Crankshaft position sensor

the crankshaft position sensor wiring. For example, in some Ford and Mazda vehicles, if the sensor wires are not secured properly, they could rub against a drive shaft, which can cause intermittent stalling.

How the crankshaft position sensor is tested

Whenever there is a suspicion that the problem might be caused by a crankshaft position sensor or if there is a related trouble code, the sensor must be visually inspected for cracks, loose connector pins or other obvious damage. The proper gap between the tip of the sensor and the reluctor wheel is also very important.

The correct testing procedure can be found in the service manual. We posted several links where you can access a service manual for a subscription fee at the bottom of this article.

For the pick-up coil type sensors, the testing procedure includes checking the resistance.

Crankshaft position sensor
The resistance of this crankshaft position sensor from
the 2008 Ford Escape measures at 285.6 ohms,
which is within specifications

For example, for the 2008 Ford Escape, the resistance of the crankshaft position sensor (CKP) should be between 250-1,000 ohms, according to Autozone. We measured 285.6 ohms (in the photo) which is within specifications. If the resistance is lower or higher than specified, the sensor must be replaced.

For the Hall-type sensors, the reference voltage (typically +5V) and the ground signal must be tested. The most accurate way to test a crankshaft position sensor is checking the sensor signal with an oscilloscope.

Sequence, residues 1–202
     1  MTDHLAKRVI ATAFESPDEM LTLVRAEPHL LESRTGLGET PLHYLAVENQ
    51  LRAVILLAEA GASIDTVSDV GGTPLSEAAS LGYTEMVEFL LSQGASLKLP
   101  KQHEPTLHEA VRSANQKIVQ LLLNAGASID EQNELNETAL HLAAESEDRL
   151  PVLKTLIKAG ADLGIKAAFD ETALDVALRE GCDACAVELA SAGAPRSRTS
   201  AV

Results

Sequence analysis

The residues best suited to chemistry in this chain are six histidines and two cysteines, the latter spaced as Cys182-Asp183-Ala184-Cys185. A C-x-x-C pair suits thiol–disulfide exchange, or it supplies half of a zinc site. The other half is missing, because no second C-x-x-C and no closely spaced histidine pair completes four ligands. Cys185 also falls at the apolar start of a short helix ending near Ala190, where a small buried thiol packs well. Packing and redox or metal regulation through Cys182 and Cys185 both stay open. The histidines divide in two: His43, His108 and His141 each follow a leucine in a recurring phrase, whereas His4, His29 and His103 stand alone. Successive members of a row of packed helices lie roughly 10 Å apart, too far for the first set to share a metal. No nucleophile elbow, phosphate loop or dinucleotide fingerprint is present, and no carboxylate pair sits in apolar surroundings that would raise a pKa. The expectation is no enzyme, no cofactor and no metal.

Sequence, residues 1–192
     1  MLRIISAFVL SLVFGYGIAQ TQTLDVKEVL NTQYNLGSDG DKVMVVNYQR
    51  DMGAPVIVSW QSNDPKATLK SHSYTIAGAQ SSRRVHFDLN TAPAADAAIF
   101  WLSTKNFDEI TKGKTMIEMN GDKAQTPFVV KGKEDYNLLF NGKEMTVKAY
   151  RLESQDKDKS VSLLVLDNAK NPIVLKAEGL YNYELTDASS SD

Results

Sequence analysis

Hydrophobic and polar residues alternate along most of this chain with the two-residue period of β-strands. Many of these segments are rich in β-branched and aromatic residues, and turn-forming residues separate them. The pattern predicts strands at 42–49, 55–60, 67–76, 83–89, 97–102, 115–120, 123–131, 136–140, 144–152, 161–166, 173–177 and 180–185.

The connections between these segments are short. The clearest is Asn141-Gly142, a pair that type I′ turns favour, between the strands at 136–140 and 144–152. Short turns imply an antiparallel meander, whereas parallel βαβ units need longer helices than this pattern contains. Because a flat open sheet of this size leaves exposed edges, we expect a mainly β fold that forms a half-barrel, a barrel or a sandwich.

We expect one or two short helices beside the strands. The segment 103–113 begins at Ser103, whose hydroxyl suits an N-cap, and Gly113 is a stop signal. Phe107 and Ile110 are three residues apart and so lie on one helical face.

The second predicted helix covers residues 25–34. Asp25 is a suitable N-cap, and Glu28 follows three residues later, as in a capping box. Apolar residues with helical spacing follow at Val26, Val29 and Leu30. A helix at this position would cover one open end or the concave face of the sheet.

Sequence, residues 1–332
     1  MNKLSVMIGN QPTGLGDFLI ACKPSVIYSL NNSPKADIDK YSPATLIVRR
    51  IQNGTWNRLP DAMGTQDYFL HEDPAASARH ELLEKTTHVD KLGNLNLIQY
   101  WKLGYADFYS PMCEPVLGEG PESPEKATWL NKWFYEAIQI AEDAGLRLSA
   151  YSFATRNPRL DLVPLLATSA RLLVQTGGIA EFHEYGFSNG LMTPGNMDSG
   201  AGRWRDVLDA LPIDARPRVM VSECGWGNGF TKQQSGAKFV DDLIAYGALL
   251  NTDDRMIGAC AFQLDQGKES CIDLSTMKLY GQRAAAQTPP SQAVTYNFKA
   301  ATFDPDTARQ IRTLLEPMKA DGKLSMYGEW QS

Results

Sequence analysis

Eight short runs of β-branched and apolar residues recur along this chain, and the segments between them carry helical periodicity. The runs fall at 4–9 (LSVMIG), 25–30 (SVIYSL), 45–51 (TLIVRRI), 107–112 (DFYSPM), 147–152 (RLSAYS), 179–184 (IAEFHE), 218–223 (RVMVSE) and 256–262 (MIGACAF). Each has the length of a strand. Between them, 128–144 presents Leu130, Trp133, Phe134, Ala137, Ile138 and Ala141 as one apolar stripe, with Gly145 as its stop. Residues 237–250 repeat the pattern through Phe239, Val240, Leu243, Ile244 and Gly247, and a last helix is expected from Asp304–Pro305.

Sometimes, the sensor may have an intermittent fault that is not present during testing. In this case checking for Technical Service Bulletins (TSBs) and researching common problems may help.

For example, the crankshaft position sensor failure was very common in some early-90's GM cars. One of the symptoms was stalling when the engine is hot. According to many owners at various forums, the new crankshaft position sensor solved the problem.

Engine RPM graph
Signal from the crankshaft position sensor is
represented as "Engine RPM" in an OBDII scan tool.

The crankshaft position sensor can be checked with a scan tool, that shows it as "Engine RPM" or "Engine speed." For example, if the sensor causes intermittent stalling, you might be able to see that when the engine stalls, the RPM signal drops suddenly to zero, as oppose to slowing down gradually.

If the RPM signal suddenly drops to zero means that the signal from the crankshaft position sensor is lost. If the sensor works properly, the RPM signal should drop or rise gradually, as in this photo. We have tested this car with an OBDII "Torque" app on the mobile phone.

Crankshaft sensor replacement

Replacing a crankshaft position sensor is not very expensive. The part can cost from $35 to $115 and it's best to use an OEM part. In most cars it's fairly easy to replace, although sometimes the sensor could be difficult to remove due to corrosion.

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